Table of Contents

  1. Cover Page
  2. Title Page
  3. Copyright
  4. Contents
  5. Preface
  6. Notation
  7. Chapter 1: Background and scope
    1. 1.1 Introduction
    2. 1.2 Stirling types
    3. 1.3 The basic pulse-tube
    4. 1.4 The thermo-acoustic cooler
    5. 1.5 Scope
  8. Chapter 2: Ideal reference cycles
    1. 2.1 Introduction
    2. 2.2 Stirling cycle – equivalence of volume variations
    3. 2.3 In search of an ideal cycle for the Gifford pulse-tube
    4. 2.4 Coefficient of performance of ideal Gifford cycle
    5. 2.5 Deductions for first-principles pulse-tube design
  9. Chapter 3: Ideal Stirling cycle — real gas
    1. 3.1 Background
    2. 3.2 Role of the ideal cycle in the present study
    3. 3.3 Basic reference cycle
    4. 3.4 Reformulation – the complete ideal cycle
    5. 3.5 Heat quantities
    6. 3.6 Computed results
    7. 3.7 Implications for practical design
  10. Chapter 4: Isothermal Stirling cycle with van der Waals gas
    1. 4.1 A criterion for moving forward
    2. 4.2 The ‘isothermal’ cycle generalized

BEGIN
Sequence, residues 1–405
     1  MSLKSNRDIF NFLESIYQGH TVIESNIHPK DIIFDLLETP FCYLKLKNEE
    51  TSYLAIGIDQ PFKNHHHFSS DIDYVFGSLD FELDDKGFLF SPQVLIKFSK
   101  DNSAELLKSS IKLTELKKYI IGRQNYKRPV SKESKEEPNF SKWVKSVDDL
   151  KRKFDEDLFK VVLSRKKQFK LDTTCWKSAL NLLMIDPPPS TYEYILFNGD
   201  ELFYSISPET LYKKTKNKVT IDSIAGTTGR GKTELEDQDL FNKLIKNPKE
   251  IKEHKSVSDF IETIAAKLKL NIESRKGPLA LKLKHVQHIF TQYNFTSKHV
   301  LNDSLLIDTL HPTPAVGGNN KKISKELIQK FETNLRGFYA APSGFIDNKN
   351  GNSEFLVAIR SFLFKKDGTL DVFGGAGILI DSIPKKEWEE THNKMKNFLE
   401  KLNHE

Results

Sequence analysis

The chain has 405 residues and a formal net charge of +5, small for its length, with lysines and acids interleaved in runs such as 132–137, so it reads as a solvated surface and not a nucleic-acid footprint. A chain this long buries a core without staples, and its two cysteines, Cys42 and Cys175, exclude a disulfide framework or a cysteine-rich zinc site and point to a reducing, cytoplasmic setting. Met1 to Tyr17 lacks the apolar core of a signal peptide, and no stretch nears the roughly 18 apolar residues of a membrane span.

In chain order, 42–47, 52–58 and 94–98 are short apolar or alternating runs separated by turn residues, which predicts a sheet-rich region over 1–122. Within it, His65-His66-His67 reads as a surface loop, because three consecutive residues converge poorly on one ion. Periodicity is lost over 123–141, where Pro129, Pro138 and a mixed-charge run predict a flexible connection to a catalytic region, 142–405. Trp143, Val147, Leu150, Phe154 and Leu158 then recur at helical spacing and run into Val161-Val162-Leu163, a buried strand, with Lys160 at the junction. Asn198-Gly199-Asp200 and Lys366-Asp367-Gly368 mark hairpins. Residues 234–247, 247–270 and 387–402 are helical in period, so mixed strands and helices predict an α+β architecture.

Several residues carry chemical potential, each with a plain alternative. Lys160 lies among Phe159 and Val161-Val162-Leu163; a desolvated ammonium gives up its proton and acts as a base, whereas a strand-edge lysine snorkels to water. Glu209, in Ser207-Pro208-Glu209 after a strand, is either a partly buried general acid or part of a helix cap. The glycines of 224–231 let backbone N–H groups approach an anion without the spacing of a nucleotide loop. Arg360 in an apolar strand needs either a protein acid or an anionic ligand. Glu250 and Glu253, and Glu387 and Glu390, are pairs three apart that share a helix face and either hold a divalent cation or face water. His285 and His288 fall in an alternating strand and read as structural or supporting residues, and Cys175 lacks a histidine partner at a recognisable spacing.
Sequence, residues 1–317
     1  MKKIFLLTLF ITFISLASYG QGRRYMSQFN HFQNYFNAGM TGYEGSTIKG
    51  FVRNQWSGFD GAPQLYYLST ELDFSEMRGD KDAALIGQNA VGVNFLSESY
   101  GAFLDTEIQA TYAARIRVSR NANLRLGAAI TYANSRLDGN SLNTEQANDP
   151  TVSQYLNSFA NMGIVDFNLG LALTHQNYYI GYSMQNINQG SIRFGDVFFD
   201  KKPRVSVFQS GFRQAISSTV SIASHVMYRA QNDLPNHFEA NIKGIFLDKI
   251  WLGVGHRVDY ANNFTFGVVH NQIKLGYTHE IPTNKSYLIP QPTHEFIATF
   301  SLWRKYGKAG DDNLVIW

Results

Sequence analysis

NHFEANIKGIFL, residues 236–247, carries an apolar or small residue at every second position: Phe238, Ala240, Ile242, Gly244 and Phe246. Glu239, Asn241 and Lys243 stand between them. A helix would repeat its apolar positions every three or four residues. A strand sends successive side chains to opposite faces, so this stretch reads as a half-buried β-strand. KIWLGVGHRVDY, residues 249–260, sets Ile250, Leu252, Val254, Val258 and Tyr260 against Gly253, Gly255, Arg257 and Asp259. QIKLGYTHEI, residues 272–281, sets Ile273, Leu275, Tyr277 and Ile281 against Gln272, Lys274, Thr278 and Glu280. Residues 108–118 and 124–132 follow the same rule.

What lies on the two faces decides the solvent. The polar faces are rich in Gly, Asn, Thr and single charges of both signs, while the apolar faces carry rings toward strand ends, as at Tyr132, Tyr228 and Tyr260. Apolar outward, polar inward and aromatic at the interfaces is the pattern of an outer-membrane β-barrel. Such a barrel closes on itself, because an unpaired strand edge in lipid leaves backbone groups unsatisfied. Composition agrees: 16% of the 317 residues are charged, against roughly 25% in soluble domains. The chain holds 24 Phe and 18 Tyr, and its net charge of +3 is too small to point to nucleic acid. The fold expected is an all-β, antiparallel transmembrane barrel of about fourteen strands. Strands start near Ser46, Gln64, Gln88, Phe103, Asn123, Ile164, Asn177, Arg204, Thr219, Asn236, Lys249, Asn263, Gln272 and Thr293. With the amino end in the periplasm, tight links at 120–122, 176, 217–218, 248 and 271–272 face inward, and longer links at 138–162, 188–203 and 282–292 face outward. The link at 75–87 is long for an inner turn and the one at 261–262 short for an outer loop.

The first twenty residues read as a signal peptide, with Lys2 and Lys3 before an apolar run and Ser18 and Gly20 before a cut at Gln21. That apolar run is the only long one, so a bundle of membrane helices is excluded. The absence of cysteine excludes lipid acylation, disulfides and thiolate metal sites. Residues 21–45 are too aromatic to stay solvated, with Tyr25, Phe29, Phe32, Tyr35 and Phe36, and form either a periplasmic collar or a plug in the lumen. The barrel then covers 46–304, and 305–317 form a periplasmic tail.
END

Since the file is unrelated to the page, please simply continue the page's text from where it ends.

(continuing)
3. 4.3 Simulated gas processes
    4. 4.4 Implications for practical cooler design - update
    5. 4.5 Standard solution of cubic equation
  11. Chapter 5: A first model of electro-magnetic dynamics
    1. 5.1 Context
    2. 5.2 Mechanical equations of motion
    3. 5.3 Discretization and normalization
    4. 5.4 The electro-magnetic circuit
    5. 5.5 Gas process model
    6. 5.6 Regenerator pressure drop
    7. 5.7 Regenerator transient thermal response
    8. 5.8 Preparation for solution
    9. 5.9 Specimen simulated performance
    10. 5.10 Deductions from computed performance under rated operating conditions
    11. 5.11 Real gas effects
    12. 5.12 Implications for practical cooler design - update
  12. Chapter 6: Towards a cook-book method of thermodynamic design
    1. 6.1 Background
    2. 6.2 The inevitability of scaling
    3. 6.3 Scaling principles revisited
    4. 6.4 Improvements in or relating to regenerator scaling